Is Medicare Right for Me?
Healthcare costs during retirement can be staggering. It is estimated that an average healthy couple retiring in 2022 at the age of 65 can expect to spend around $315,000 on retirement healthcare costs.
Don't want to shoulder all of those costs yourself? Medicare is the best to help mitigate the effects healthcare expenses have on your retirement savings.
What is Medicare?
Medicare is a federal government health insurance program for people 65 and above. There are exceptions, though. People with disability and those with End-Stage Renal Disease can enroll in the program before they clock 65.
What does Medicare cover, and how much does it cost?
There are different parts of Medicare - Part A, Part B, Part C, Part D, and Medigap.
Medicare Part A covers inpatient hospital care, home health care, and skilled nursing facility care. Part A is free if you have been paying medical taxes for at least 10 years.
It covers outpatient services, preventive services, ambulance services, durable medical equipment, and home health care. Part B's monthly premium in 2022 was $170.10. Medicare Part A and B are called Medicare Original.
Medicare Part C is also called Medicare Advantage (MA). The plans are sold through private insurance companies and replace the benefits of Medicare Original. In addition, MA plans offer added benefits not offered by Part A and B. Costs of Part C vary from plan to plan.
Part C covers the cost of prescription drugs. How much you pay for Part D depends on factors, including the medication type, whether your pharmacy is in-network or out-of-network, income, and the kind of plan.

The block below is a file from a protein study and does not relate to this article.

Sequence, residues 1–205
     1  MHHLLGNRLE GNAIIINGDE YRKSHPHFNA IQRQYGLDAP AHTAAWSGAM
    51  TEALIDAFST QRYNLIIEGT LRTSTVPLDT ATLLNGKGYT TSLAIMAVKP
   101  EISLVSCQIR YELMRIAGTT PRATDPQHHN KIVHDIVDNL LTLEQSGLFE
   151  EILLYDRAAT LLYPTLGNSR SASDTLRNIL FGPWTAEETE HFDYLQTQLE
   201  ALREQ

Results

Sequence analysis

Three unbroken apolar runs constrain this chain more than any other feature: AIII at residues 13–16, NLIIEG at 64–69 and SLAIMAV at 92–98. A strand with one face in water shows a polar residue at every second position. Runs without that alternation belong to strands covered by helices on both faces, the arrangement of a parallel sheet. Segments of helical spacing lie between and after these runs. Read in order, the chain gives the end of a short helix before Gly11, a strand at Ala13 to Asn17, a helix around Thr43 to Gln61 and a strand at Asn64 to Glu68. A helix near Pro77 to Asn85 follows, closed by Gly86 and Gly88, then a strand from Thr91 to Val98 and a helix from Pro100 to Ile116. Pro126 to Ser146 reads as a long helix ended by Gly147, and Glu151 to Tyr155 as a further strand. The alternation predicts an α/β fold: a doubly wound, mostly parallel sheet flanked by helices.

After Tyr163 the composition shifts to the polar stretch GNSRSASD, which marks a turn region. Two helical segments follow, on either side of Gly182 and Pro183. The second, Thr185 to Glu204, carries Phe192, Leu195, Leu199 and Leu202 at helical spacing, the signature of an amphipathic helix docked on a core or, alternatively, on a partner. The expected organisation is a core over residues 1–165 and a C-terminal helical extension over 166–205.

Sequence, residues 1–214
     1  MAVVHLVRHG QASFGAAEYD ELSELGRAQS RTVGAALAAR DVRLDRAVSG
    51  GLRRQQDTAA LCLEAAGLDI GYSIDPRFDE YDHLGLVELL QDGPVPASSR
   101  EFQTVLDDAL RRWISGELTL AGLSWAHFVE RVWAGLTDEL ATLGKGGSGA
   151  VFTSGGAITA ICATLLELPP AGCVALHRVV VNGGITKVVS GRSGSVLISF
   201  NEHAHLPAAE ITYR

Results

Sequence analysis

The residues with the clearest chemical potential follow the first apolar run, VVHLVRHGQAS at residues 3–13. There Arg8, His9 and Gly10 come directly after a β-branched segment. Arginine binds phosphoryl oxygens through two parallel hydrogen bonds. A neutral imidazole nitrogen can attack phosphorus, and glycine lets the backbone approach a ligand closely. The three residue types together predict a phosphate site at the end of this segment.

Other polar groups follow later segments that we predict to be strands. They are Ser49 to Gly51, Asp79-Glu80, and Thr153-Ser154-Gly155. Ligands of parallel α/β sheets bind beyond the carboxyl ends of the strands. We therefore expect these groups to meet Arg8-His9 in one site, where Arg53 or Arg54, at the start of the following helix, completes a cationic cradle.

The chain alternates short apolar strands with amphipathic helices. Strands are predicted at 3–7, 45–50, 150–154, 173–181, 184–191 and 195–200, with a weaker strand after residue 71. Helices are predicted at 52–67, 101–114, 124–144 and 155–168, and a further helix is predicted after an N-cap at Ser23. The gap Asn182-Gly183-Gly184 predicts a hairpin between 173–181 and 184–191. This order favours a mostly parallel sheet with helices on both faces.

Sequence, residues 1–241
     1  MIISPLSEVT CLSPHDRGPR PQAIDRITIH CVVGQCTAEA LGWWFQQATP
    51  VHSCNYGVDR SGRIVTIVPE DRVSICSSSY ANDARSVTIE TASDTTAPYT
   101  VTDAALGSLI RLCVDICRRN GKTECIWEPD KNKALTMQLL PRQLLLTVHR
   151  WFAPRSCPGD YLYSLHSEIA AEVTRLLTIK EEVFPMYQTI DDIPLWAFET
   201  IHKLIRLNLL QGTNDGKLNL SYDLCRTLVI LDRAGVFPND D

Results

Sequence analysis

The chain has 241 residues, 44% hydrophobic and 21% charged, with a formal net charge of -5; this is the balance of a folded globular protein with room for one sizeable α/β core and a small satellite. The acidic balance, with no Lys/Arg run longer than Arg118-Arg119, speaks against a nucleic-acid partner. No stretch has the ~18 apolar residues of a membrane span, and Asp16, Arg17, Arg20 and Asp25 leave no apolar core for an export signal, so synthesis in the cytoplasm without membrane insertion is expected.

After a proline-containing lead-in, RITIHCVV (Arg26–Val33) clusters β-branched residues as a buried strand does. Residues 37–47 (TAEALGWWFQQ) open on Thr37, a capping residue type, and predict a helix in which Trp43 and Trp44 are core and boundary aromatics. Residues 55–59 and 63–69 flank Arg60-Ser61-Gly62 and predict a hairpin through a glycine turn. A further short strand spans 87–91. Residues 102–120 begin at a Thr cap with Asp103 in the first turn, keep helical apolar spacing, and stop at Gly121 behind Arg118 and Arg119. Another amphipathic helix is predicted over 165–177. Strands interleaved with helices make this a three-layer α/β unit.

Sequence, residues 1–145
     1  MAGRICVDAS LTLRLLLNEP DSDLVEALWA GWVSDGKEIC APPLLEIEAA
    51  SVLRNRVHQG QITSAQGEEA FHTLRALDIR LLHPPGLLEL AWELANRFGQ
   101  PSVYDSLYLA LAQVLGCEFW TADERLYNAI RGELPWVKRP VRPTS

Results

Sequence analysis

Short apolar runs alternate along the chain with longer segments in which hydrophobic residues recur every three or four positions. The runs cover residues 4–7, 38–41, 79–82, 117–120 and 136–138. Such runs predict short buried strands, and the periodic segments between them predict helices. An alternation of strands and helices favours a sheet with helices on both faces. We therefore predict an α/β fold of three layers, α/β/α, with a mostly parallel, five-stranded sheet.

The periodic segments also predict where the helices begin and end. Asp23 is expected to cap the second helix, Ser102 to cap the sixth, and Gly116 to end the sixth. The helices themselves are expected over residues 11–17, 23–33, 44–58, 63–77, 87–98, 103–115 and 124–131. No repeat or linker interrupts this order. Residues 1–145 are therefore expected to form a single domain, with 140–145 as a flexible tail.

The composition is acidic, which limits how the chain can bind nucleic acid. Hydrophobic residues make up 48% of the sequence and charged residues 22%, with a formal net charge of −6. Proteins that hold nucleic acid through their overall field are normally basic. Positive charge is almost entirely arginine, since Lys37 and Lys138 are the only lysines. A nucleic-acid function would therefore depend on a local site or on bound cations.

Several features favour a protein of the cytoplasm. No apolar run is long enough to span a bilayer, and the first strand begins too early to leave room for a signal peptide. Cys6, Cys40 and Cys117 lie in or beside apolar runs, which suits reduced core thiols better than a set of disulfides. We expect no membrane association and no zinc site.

Also offered through private insurance companies, Medigap helps pay for out-of-pocket expenses in Original Medicare.
Check our parts of Medicare for a more comprehensive read.
What if I don't sign up for Medicare when I'm eligible?
The decision to enroll or not is yours to make. However, if you don't sign up the first time you become eligible, you could face long-lasting and, in some cases, permanent penalties.
Even if you're retired, and your former employer provides a retiree health plan, you must sign up for Medicare. That's because Medicare and retiree plans work together as primary and secondary coverage. Also, if your company has less than 20 employees, you must enroll in Medicare Part A and B.
In some instances, however, you can delay enrolling in Medicare without penalties. If you're working past age 65 and are employed by a large company (20 employees and above) offering employment coverage, you can delay Medicare enrollment. We recommend signing up for Part A, as it's premium-free.
Should I enroll in Medicare?
Yes and no.
Individual circumstances differ from person to person. However, you may have to cover all your health and medical expenses on your own if you don't sign up when you should. On the other hand, you can also decide to delay enrollment.
Why not discuss this with our independent Medicare agent today? We'll analyze your unique situation and guide you in making the right decision for FREE. Get Medicare guidance now.